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When bees are in hives.

[002] 1The taking of possession also includes confinement, as in the case of bees, which
[003] are wild by nature. For if they settle in my tree they are no more mine, before I
[004] shut them into a hive, than are birds who make their nest there, and therefore if
[005] another hives them he will be their owner. A swarm that flies out of my hive is
[006] taken to be mine so long as it remains in my sight and its pursuit is not impossible,
[007] otherwise it becomes the property of the taker. But if another takes it he does not
[008] make the swarm his if he knows it belongs to another; indeed he commits a theft
[009] unless he has the intention of restoring them.2 All these rules are true, but sometimes
[010] and in some places other rules hold good by custom.

Of tame beasts and birds.

[012] 3What has been said applies to animals which always remain wild. But if wild
[013] animals are tamed and customarily go and come back, or fly away and return,
[014] as deer, peafowl and pigeons, another rule is applicable, [namely], that they are
[015] taken to be ours so long as they have the intention of returning, for if they cease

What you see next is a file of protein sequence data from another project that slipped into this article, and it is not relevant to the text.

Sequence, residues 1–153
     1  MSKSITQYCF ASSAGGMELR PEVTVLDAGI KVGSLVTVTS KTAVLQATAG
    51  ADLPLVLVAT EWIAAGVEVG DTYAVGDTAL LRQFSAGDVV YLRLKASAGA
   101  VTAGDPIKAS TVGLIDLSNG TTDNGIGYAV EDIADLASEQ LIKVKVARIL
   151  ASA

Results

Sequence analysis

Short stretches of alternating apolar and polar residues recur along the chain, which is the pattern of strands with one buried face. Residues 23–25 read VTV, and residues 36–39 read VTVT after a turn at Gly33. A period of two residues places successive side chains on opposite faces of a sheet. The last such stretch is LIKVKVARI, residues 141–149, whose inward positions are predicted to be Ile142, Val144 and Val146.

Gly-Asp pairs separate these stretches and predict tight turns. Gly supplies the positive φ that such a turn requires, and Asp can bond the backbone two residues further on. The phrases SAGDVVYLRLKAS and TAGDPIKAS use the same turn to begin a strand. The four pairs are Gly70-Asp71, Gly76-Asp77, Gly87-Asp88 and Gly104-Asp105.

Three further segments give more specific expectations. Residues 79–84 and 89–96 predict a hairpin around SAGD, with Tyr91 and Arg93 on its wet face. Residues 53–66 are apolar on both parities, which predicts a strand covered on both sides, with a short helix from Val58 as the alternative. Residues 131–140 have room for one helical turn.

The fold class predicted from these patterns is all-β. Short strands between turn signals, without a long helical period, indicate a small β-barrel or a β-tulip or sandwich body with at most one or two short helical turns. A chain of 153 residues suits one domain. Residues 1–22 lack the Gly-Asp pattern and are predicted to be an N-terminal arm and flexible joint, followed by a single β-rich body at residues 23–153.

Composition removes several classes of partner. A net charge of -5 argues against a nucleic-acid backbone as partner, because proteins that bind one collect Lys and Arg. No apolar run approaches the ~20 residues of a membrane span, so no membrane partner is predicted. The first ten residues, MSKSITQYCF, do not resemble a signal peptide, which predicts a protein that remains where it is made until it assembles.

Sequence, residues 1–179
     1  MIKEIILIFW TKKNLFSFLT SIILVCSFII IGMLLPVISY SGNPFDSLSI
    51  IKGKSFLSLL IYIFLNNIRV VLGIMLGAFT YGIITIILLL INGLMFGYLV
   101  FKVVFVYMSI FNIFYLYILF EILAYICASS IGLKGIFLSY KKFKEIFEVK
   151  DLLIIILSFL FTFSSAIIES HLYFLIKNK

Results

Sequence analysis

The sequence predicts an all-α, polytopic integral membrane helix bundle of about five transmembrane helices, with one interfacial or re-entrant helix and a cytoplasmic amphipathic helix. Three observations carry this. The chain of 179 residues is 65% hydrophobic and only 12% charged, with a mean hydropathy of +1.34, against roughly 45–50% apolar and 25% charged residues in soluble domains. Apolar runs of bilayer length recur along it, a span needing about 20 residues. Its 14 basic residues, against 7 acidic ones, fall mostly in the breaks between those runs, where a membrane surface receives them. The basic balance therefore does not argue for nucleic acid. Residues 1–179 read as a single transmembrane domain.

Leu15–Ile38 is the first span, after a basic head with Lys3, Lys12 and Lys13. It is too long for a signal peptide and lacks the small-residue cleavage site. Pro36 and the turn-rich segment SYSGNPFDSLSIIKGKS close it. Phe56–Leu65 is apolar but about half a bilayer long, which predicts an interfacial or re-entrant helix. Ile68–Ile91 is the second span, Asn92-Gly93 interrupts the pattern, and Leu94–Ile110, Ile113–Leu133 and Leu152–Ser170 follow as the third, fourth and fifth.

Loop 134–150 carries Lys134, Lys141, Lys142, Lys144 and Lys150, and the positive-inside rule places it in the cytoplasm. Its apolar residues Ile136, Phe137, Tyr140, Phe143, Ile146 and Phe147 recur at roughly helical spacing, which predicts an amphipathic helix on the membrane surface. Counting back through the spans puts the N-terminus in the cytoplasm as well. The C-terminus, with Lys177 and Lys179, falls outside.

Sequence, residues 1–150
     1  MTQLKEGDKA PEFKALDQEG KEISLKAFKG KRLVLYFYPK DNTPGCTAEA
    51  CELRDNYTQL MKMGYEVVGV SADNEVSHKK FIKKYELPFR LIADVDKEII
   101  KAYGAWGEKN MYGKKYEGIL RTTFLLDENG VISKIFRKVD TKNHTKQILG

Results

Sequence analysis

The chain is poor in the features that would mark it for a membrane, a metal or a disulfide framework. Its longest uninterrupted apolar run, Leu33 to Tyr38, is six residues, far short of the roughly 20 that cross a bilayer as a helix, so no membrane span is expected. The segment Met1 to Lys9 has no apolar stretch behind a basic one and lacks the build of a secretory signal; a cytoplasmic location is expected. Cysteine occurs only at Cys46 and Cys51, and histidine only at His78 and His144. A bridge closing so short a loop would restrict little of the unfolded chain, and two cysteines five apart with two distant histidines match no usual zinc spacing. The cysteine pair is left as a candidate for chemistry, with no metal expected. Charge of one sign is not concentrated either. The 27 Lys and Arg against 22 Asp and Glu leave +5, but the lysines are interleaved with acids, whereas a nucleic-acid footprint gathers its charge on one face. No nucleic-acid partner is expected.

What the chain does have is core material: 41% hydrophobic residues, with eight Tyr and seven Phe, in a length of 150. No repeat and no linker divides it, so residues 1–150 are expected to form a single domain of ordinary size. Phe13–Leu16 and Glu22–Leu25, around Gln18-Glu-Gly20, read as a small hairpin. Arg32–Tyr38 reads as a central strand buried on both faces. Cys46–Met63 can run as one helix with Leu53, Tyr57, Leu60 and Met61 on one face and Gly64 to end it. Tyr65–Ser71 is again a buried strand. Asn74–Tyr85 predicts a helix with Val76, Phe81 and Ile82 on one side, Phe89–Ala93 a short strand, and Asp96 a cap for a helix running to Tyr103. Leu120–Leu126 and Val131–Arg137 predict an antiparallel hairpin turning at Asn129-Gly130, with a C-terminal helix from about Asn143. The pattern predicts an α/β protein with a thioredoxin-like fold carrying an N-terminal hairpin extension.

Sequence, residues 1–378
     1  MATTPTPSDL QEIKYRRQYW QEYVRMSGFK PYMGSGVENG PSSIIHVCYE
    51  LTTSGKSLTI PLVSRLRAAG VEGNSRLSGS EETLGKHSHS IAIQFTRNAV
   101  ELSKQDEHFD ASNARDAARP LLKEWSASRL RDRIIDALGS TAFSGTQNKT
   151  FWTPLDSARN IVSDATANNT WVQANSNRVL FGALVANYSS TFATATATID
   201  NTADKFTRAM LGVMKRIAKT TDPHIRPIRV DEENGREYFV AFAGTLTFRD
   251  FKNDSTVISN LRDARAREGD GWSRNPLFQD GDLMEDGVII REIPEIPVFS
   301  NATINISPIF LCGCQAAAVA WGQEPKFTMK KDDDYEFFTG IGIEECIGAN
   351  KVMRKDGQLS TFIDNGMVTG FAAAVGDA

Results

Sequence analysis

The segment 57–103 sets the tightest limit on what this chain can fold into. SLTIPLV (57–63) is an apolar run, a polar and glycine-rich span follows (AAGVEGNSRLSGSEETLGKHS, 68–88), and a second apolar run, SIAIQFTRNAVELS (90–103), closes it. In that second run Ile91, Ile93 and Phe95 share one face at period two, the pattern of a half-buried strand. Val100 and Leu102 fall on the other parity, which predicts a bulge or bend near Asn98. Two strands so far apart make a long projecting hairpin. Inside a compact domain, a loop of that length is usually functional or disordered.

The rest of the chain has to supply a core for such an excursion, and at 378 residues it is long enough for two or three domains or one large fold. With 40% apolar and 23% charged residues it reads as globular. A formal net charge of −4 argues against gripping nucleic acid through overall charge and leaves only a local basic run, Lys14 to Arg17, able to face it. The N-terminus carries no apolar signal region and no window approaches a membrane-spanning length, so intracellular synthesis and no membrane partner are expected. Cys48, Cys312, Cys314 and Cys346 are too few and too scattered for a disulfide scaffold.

[016] to have that intention they cease to be ours. They are taken no longer to have the
[017] intention of returning when they lose the habit of returning. The same is true of
[018] wild hens and wild geese that have become tame. With regard to domestic animals
[019] a third rule is applicable, that though they fly out of my view they remain my hens
[020] and geese, no matter where they are, and he who takes them with the intention of
[021] keeping them commits a theft. This sort of occupation is also applicable to those
[022] captured from the enemy, as where free men are made our slaves; [if] they escape
[023] from our potestas they recover their original status. Occupation of this kind also
[024] applies to things common to all, as the sea and the seashore,4 and to precious stones,
[025] gems and other such things found on the shore. So too it applies to islands arising in
[026] the sea and other such things and to those left derelict,5 unless there is a custom to
[027] the contrary because of the privilege of the fisc.6

[Dominion] is acquired by accession according to the jus gentium.

[029] 7By the jus gentium the dominion of things is acquired through accession, discernible
[030] or imperceptible, whether effected by growth or conjunction. The young born of
[031] animals


1. Br. and Azo, 99-102

1-2. Azo, Summa Inst. 2.1, no. 24

3. Br. and Azo, 101-5

3-5. Azo, Summa Inst 2.1, nos. 24-28

4. Cf. supra 40

6. Fisc or crown: supra 41, infra 58, 166, 293, 339

7. Br. and Azo, 104-9

7-10. Azo, Summa Inst. 2.1, nos. 29-33

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